In the last few weeks I’ve been busy preparing AngularJS 2 courses and I’m really excited about the first video tutorial that NeverFriday Software Expertise is releasing.
In this tutorial you learn how to create an AngularJS 2.x project and how to create a comment box directive component. In the React tutorial, they show you how to create a comment box just like on Facebook so I thought, why not show how easily it can be done in AnagularJS 2?
It’s a good tutorial and introduction to Perl 6 which hasn’t seen wide adoption yet. It’s a solid language which has had a lot of thought put into it and the libraries that exist for it so far are good. Since it’s still Perl, it has that hack-y, fast-paced feel to it where you feel like you can quickly put together a one-off script to get the job done or put together an MVP (Minimal Viable Product). However, since Perl 6 is better designed, you can build a well-structured, well-engineered large project.
Learning new languages and how they work can help make you a better programmer and introduce new ways of thinking that can make it easier for you to find solutions to technical problems.
Here I’m going to talk about how to use mocks when writing unit tests for Django, the Python-based web framework. Using Django test mocks has really opened my eyes on how to write much better unit tests. Previously, and in some cases still do when using 3rd party services, I would use fake API servers to serve fake data for testing end to end. With the mock library, I can easily mock out server responses in Django tests. Continue reading “Django Unit Testing with Mocks”
I was reading about a PhD student who created a plugin for an IDE that integrates searching for questions & answers on a knowledge base that included an easy way to insert code snippets from the answers in their own source code.
I use stackoverflow as often as I can and try to contribute answers but sometimes I have questions of my own so it would be nice if there were a quick, integrated way of using StackOverflow from within Emacs.
Type in M-x sos and then type in your search and the results are listed using org-mode. Eventually I want to be able to ask questions from within emacs and allow question buffers to be opened that are refreshed once in a while to see if there’s an answer yet.
The PyCharm markdown mode can display a preview! PyCharm is an IDE based on the popular IntelliJ IDE, it is specifically designed for working with Python. On most projects, Markdown is the popular text format that is used. It can be helpful to see a preview of the Markdown text that you are writing before committing it to your code repository or wiki.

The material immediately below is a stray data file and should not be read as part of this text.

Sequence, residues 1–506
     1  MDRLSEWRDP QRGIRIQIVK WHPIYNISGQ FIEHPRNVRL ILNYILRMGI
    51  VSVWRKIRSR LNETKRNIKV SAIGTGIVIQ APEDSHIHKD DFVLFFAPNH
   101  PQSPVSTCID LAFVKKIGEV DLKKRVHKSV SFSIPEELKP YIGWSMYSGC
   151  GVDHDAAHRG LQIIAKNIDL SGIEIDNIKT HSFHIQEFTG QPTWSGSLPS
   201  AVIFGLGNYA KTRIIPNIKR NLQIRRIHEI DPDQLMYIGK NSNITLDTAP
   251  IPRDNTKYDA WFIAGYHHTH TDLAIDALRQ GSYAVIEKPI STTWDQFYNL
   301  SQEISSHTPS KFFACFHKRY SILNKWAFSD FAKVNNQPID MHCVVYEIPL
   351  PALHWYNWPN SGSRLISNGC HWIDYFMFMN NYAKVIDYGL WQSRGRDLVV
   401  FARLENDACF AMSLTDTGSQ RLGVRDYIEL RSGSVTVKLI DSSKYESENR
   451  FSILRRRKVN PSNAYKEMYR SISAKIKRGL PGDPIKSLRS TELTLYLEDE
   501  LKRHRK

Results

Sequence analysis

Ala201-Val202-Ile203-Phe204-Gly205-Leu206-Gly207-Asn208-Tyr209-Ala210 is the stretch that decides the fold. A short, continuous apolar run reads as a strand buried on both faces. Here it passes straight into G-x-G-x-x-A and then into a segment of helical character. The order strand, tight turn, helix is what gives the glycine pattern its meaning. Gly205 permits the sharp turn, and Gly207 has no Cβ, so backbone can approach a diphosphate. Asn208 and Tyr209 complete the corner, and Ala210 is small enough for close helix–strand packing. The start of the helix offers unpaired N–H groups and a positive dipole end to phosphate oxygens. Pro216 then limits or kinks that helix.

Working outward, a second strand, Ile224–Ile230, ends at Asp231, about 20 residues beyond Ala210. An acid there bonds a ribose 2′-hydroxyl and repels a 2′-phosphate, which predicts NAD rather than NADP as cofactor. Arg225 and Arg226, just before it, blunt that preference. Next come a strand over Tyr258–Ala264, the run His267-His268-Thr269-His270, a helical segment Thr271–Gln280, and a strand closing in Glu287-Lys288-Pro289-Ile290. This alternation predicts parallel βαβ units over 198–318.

It’s something that will help me document projects. Sometimes I wonder how the README of a project will look on github or bitbucket and the only way for me to check is to push my changes, fire up the browser, go to the repo and check it out. If there’s a mistake, then I have to do another commit, reload the browser and see what happens.
This is from a presentation given at the Write the Docs conference,
Cutter’s experience is that SMEs fall into three categories in roughly equal proportion: eager to help, willing to help (with guidance in the form of templates and direction), and curmudgeons.
…You as a writer have knowledge that engineers need to help them write docs effectively, and when you share that knowledge you help them write more docs. Hold doc office hours where you’re available to help them with docs. Because some text is better than no text.
Curmudgeons will say “but code documents itself!” Cutter calls “bull”; code only tells what it does, not its intent. [NB: Intent is worthless if the code’s action doesn’t match it.] Even if you know what you wrote immediately after you wrote it, six months later you’ll have moved on and that’s when the documentation becomes critical.
I like the goal of eliminating defects while you’re writing code rather than fix bugs later on.
When it comes to testing, my goal is to eliminate defects. At least the ones that matter. (Netscape 4.01 users, you’re on your own.) And I’d much rather prevent defects than find and fix them days or weeks later.
I think of defects as coming from four sources: programmer errors, design errors, requirements errors, and systemic errors. When trying to eliminate defects, I look for practices that address these four causes.
He lists some solid methods for preventing defects for each of these classes of errors.
Preventing programming errors is done with test-driven development; unit-tests, focused integration tests and end-to-end integration tests.
Preventing design errors is done by having a simple clean design, incrementally improving the design and architecture and constantly refactoring to ensure it continues to be clean.
Preventing requirements errors:
a whole team is required, cross-functional and able to get what they need to finish the project
customer examples, using multiple examples can help clarify the general idea of the feature to implement
customer review, get the programmers to walk through the new functionality with customer, kinda like the client UAT (User Acceptance Tests) we do at work.
push testers to help in the build process rather than relying on them after releases are made. They can work with the customer to figure out requirements or set up automated regression testing (most companies rely on manual regression testing which eats up a lot of time)